More seriously, if we resolve our dependence on fossil fuels and move to clean energy sooner, then we solve the climate change problem sooner, and that in turn may help reduce the severity of wildfire. But it's not a guarantee, either, since there are so many other factors like what lightning activity does, how we manage the land itself. So if limiting wildfire was the ultimate goal, I would favor better education and enforcement of fire safety, and better management of our lands so that fires continue to be a natural part of it but don't go so wildly out of control and cost lives.

Some fires were even caused by the electric utility, and were preventable if they paid closer attention to weather forecasts, particularly from the higher resolution rapid refresh models that are now more widely available.

Yes indeed, and the utility admitted culpability and were punished for it last year.  I remember that...that was PP and L, I think?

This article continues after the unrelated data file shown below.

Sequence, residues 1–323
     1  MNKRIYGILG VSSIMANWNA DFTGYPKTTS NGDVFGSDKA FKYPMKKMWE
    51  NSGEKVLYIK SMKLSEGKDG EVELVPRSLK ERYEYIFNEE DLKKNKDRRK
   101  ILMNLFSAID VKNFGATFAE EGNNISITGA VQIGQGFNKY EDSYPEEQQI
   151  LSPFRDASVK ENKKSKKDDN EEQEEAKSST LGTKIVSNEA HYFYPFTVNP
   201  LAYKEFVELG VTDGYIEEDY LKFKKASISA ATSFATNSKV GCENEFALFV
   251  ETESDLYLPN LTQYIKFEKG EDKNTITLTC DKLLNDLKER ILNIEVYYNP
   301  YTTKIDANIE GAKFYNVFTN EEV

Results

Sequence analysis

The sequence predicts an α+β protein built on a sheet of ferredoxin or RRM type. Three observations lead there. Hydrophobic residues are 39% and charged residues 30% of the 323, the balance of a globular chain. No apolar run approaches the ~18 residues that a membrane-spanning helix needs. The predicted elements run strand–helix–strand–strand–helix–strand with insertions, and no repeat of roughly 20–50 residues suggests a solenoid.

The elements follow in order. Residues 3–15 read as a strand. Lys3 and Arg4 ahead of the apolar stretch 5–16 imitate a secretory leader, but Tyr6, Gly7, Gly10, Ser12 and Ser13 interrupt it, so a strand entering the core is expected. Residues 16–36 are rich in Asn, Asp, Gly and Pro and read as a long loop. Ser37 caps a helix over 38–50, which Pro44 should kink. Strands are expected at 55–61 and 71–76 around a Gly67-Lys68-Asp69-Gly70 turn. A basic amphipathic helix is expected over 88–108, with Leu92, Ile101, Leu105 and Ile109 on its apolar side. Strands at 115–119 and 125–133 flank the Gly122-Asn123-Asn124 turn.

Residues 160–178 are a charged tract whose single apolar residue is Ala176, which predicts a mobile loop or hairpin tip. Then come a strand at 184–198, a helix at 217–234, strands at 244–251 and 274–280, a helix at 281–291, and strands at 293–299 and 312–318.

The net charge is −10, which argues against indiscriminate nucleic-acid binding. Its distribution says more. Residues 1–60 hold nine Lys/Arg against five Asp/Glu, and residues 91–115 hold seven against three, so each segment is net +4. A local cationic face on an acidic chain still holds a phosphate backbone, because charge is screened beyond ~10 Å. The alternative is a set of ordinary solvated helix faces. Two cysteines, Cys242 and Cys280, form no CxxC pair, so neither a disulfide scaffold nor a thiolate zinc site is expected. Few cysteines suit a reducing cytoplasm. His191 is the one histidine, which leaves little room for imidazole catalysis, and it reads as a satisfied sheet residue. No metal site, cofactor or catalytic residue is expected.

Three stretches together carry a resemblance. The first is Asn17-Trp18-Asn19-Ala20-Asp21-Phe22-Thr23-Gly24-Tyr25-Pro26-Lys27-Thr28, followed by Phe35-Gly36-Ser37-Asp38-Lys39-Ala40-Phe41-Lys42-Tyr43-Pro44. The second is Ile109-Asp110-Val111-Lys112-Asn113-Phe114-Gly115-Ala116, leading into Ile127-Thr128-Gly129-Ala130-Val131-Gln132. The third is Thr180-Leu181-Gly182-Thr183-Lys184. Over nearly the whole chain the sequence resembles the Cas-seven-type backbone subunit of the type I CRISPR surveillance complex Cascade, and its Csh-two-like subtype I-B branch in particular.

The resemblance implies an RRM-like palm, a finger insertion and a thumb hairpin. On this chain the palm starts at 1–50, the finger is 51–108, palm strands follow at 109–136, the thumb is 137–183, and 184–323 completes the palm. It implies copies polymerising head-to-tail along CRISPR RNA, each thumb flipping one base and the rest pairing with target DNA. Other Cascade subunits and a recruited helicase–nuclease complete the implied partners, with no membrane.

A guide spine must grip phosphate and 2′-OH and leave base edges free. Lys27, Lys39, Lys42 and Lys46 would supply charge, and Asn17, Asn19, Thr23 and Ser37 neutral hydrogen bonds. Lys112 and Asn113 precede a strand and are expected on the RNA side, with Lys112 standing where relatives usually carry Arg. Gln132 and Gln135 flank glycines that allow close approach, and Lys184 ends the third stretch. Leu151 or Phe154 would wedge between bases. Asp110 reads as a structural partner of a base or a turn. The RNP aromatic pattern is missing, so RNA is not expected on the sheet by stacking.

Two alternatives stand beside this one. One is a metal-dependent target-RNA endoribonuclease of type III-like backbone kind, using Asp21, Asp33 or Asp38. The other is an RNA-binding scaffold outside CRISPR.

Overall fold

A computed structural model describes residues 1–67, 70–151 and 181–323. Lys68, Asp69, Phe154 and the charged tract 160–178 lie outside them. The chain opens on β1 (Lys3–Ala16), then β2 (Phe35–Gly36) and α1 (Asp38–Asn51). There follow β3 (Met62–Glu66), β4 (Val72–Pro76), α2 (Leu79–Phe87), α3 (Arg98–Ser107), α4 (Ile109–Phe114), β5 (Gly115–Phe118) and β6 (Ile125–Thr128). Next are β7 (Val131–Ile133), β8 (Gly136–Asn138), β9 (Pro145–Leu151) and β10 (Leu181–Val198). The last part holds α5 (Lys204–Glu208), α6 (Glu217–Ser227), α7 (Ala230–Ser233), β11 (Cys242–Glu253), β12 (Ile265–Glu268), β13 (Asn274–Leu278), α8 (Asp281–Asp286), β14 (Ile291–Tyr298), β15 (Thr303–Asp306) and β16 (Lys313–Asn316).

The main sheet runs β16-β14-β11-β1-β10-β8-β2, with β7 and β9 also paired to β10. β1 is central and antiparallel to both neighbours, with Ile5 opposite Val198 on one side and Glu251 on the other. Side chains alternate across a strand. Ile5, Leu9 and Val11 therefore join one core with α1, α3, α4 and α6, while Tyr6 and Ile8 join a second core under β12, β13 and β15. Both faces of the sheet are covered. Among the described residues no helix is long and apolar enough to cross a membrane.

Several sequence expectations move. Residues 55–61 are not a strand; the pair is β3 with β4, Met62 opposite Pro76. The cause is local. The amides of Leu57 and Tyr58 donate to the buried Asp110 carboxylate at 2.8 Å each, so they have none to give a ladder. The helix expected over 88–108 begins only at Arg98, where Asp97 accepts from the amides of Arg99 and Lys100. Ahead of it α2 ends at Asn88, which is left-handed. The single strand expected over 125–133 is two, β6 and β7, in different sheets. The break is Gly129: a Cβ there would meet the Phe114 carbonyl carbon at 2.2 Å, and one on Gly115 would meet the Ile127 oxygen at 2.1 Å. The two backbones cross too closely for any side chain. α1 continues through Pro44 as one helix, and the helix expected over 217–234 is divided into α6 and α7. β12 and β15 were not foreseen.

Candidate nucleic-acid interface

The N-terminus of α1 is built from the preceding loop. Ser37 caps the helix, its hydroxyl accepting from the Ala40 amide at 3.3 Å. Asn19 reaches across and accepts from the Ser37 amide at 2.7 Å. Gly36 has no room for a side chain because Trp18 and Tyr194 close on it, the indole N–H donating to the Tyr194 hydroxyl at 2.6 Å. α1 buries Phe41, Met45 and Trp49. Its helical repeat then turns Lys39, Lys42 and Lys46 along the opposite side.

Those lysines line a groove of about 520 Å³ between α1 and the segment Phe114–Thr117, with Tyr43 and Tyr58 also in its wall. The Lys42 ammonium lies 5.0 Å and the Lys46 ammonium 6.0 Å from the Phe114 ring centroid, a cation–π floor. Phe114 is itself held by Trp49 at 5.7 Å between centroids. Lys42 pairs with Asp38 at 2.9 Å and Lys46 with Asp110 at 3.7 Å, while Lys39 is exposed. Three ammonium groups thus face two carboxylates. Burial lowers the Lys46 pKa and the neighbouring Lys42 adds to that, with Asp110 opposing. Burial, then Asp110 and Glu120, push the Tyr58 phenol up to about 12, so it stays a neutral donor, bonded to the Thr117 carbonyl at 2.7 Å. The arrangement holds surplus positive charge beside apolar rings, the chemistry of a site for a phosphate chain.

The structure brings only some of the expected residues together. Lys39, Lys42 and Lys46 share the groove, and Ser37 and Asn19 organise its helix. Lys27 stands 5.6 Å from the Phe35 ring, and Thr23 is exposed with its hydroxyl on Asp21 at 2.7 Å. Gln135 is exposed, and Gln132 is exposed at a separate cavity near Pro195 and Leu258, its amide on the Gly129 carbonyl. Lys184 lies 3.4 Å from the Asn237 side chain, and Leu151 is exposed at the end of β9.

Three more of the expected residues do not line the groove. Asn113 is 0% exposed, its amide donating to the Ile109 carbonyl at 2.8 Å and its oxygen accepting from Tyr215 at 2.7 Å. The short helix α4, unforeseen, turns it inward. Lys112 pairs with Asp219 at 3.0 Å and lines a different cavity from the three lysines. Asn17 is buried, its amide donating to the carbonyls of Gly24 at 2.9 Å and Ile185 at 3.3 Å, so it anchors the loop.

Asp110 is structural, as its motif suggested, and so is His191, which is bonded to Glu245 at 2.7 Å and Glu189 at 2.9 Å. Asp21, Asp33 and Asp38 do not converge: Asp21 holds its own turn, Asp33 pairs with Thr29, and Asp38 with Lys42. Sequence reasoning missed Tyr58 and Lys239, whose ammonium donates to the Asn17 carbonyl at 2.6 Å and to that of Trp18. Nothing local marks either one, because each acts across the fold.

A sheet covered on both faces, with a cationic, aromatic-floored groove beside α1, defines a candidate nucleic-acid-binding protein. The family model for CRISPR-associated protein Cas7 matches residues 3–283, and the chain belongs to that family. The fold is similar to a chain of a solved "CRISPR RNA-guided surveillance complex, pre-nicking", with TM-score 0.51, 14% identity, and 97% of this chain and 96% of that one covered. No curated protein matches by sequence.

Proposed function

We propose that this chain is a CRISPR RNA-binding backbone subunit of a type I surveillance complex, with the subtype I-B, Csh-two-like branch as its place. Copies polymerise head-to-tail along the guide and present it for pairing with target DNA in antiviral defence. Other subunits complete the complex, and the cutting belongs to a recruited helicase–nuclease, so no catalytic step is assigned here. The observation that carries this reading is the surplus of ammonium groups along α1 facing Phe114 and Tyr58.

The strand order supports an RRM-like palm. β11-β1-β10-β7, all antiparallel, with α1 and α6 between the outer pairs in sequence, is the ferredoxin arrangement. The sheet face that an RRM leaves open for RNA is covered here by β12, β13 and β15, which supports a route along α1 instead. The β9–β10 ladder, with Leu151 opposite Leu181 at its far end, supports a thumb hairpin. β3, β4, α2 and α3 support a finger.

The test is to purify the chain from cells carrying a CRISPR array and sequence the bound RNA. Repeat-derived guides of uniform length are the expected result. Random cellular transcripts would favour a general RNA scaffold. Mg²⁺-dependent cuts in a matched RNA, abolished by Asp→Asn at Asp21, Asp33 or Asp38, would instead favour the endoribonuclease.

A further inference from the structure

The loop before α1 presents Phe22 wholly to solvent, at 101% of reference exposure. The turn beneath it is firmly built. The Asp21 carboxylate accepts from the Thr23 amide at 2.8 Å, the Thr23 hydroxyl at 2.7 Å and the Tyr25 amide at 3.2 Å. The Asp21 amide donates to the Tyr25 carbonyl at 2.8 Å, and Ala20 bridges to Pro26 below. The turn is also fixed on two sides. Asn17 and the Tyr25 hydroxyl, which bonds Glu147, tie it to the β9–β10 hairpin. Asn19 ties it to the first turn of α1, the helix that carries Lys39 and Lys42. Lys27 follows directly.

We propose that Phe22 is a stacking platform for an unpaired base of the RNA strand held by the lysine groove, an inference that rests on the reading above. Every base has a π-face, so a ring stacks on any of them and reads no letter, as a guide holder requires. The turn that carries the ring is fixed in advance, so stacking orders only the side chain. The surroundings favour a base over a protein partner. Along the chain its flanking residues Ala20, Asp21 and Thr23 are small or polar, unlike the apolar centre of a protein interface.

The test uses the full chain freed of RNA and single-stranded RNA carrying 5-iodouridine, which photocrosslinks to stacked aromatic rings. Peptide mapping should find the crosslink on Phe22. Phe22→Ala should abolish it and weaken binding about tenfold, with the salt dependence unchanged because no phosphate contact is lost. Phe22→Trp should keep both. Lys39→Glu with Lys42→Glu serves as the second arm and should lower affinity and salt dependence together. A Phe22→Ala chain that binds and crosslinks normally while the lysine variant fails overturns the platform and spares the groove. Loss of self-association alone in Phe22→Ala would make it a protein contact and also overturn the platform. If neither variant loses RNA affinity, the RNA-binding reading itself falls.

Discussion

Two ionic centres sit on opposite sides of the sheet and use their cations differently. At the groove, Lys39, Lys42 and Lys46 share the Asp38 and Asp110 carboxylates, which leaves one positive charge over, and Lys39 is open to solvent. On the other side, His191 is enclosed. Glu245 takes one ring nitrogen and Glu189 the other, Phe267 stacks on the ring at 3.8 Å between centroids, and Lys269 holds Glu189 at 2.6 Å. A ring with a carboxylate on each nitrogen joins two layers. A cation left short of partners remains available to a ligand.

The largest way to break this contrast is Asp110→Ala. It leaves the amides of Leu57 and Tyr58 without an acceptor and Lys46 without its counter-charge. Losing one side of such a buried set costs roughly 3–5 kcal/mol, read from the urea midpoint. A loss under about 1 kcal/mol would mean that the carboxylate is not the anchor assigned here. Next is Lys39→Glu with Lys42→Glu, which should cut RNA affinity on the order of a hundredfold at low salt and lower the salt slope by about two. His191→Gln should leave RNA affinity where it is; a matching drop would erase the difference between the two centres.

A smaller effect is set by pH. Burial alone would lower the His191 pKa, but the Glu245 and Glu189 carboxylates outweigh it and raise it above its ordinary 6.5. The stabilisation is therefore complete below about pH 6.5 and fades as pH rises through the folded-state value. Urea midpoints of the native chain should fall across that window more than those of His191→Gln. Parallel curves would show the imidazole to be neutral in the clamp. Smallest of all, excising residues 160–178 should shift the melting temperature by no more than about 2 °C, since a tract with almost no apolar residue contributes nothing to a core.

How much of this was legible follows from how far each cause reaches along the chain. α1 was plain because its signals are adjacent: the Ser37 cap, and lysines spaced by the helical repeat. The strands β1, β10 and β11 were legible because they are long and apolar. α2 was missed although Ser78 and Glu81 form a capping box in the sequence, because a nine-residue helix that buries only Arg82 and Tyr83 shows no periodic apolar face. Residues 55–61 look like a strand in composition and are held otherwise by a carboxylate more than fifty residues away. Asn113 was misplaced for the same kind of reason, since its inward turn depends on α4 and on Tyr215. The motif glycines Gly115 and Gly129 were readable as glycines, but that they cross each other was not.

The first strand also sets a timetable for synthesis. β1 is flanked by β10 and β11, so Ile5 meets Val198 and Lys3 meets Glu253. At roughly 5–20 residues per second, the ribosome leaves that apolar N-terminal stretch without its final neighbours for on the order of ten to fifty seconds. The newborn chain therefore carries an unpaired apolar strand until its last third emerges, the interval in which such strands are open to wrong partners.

I hesitate to recommend razing the forests because we've seen that when fires get rid of trees we end up having landslides during the wet season.
A Syracuse Univ professor I was watching mentioned the record heat and dryness issues and lightning being the trigger.  Looks like the West had the pre-existing conditions to make this far worse than it was pre 2000 (he mentioned that 17 of the 20 years since 2000 have had historic or near historic fire seasons.)

Seattle, Portland and San Francisco have the worst air pollution in the world right now.
 
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Watsisname
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12 Sep 2020 05:41

My view yesterday:
Image
vs. a normal day:
Image
Pretty smokey, but nothing like some of those apocalyptic scenes from California or Oregon. More coming in today:
Image
midtskogen wrote:
Source of the post How are the forests in arid California and Oregon managed?  Any firebreaks cleared?

Absolutely, in fact programs for putting in breaks and trying to modify forest fire fuels to reduce fire severity go back a long way:

https://www.fs.fed.us/psw/publications/ ... _ah499.pdf

Unfortunately there is still a lot of remote terrain where not much is done, and large fires can still clear breaks pretty easily. (Grassland fires are easier to manage, since even a small clearing will often stop them.) Some species have also been introduced which are more fire-prone, and the way forests have grown back from poor logging practices is another issue. So it's a bit complex.